Our Kind of People: Reparations
September 21, 2021 7:27 PM - Season 1, Episode 1 - Subscribe

A strong-willed, single mom sets out to reclaim her family's name and make an impact with her revolutionary hair care line.

TV Line - Our Kind of People's Morris Chestnut Previews Dirty-ish Turn on Fox Sudser: 'I Want People to Grab Their Popcorn'

Variety review - Fox’s ‘Our Kind of People’ Packs in as Much Monied Melodrama of the ‘Black Elite’ as Possible: "The idea of a series starring Black characters on a historically Black, monied island that’s completely unconcerned with the white power structures beyond it is a juicy one. Created by Karin Gist of Fox’s “Star” and “Revenge,” and executive produced by Lee Daniels, “Our Kind of People” embraces its singularity. Whereas something like HBO Max’s “Gossip Girl” takes pains to diversify the typically white social strata of the Upper East Side, “Our Kind of People” unfolds in the Oak Bluffs corner of Martha’s Vineyard, where the “Black elite” have long established their wealthy bonafides. In theory, adapting Lawrence Otis Graham’s history of the area (“Our Kind of People: Inside America’s Black Upper Class”) into a primetime soap opera is a sharp idea. In execution, at least in the first two episodes screened ahead of the show’s Sept. 21 linear premiere, “Our Kind of People” depends so heavily on exposition and constant plot machinations that it barely gives itself room to breathe."

The Hollywood Reporter review - Yaya DaCosta toplines a new drama series as a single mom who's trying to build her hair-care business in the wealthy Black community of Oak Bluffs on Martha's Vineyard.: "Fox’s Our Kind of People is easy to want to like, and occasionally it’s actually easy to like. Billed as a juicy family saga à la Empire (with whom it shares executive producer Lee Daniels), the hourlong drama promises dramatic twists, luxe-life wish fulfillment and fabulously attired actors ripping into each other at fancy parties — all with an undercurrent of social commentary, based as it is on Lawrence Otis Graham’s critically acclaimed 1999 book of the same name about the Black upper class in America. Alas, though the show delivers to some degree on all the above, it’s also seriously hindered by a script that prioritizes breakneck pacing over common sense or characterization, and that rarely lets a theme simmer on the level of subtext when it can just come out and have a character spell out the metaphors for you. It’s not just clunky, it’s forgettable — the last thing a show that seems designed for virtual watercooler chat should be."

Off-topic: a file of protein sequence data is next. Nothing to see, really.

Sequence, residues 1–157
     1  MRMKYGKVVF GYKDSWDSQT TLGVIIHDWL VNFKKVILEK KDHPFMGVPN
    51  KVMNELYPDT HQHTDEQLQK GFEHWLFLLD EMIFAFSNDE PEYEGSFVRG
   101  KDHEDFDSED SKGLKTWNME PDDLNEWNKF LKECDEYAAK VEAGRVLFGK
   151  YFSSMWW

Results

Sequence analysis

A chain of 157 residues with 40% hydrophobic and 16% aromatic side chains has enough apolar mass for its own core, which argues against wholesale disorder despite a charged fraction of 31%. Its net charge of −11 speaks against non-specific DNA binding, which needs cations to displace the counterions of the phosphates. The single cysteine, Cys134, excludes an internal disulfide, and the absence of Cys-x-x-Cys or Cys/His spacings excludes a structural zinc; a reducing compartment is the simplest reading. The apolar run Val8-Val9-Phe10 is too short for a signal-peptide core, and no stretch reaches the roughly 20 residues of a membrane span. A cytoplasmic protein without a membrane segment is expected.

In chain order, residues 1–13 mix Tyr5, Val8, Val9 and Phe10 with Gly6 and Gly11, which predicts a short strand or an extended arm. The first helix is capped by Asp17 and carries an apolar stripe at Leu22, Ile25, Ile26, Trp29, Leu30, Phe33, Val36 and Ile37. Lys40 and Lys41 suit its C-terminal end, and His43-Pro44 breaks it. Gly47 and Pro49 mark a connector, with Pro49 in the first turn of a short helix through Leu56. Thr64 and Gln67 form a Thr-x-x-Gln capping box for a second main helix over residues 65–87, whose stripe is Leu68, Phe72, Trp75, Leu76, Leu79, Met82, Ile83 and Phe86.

posted by oh yeah! (1 comment total)
 
I agree with the reviews about the clunkiness of the exposition dumps. And it doesn't have quite the level of over-the-topness that I'd expect of a primetime soap. But I'll probably give it a few more episodes to see if it finds its feet -- there's some good fashion/hairstyle eye candy, Joe Morton is always worth watching, and the Leah vs Angela scenes did give me a glimmer of nostalgia for the great Madeleine Stowe vs Emily VanCamp scenes in Revenge
posted by oh yeah! at 7:47 PM on September 21


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